Drive to dismantle commerce department rolls on


  • Michael Carlowicz


Late on November 7, Republican leaders of the House of Representatives tacked a measure to abolish the U.S. Department of Commerce onto a continuing resolution that keeps the federal government running and solvent while the fiscal 1996 budget debate continues. With the existing temporary funding measure expiring on November 13, congressional leaders were working to extend the budget again and to raise the national debt ceiling.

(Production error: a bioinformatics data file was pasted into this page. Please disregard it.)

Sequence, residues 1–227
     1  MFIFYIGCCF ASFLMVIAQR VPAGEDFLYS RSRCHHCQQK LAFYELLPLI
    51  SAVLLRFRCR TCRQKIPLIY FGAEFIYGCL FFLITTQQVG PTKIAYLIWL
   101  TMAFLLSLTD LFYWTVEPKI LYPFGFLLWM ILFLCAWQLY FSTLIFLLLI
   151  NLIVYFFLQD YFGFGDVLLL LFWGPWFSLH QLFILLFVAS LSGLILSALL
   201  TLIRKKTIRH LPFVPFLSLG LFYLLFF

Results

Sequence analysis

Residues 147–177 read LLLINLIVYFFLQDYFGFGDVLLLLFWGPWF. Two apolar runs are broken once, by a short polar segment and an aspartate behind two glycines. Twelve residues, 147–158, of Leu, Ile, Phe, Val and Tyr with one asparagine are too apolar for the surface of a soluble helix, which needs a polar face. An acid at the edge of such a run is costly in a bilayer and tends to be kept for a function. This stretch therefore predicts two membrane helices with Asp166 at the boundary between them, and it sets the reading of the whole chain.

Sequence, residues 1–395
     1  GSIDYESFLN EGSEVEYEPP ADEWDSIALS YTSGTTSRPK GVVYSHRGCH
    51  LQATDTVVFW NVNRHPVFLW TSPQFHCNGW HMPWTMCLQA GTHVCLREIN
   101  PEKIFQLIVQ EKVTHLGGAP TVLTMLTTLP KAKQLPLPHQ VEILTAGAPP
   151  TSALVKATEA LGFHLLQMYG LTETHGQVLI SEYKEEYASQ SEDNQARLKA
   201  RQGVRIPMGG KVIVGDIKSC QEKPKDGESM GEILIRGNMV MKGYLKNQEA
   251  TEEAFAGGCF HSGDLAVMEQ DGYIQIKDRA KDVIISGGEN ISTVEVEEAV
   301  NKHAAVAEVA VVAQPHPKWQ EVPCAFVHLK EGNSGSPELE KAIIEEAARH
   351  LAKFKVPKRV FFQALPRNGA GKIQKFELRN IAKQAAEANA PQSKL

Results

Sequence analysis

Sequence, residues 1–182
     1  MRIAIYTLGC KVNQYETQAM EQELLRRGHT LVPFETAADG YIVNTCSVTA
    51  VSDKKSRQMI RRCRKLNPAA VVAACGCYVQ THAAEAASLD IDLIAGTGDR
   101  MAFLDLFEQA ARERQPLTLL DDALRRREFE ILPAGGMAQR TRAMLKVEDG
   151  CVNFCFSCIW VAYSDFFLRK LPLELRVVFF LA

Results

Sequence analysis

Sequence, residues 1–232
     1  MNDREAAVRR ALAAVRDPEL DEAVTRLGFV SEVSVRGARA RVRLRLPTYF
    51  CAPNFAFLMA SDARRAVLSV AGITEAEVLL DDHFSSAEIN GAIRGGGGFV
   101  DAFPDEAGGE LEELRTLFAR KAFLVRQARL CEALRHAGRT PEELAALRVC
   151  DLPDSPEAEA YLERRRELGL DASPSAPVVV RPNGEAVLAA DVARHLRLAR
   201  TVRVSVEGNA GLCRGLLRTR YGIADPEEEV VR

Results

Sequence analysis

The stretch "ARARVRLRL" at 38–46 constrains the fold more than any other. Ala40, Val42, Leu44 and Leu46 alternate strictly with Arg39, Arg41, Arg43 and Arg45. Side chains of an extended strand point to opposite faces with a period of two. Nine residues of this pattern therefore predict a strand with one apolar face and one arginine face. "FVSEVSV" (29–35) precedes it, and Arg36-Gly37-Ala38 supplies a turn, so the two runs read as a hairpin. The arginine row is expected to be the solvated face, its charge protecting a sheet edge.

The fate of the effort to terminate Commerce—which would eliminate the position of the Secretary of Commerce and shut down or transfer the department's programs to other departments—remained unclear at press time because Senate Republicans had not yet voiced support for the measure. The Clinton Administration has stated that the president would veto any attempt to shut down the Commerce Department; however, the link between the current dismantling measure and the continuing resolution to avert a government shutdown and financial default has further complicated the Administration's position.